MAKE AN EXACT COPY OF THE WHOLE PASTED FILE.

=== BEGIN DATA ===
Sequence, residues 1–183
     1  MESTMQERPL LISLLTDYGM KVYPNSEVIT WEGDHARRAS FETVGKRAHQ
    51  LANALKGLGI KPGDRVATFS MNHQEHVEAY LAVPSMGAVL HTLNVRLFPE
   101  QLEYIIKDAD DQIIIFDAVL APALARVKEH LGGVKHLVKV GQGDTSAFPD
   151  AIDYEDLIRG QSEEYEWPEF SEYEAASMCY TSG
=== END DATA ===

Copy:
Sequence, residues 1–183
     1  MESTMQERPL LISLLTDYGM KVYPNSEVIT WEGDHARRAS FETVGKRAHQ
    51  LANALKGLGI KPGDRVATFS MNHQEHVEAY LAVPSMGAVL HTLNVRLFPE
   101  QLEYIIKDAD DQIIIFDAVL APALARVKEH LGGVKHLVKV GQGDTSAFPD
   151  AIDYEDLIRG QSEEYEWPEF SEYEAASMCY TSG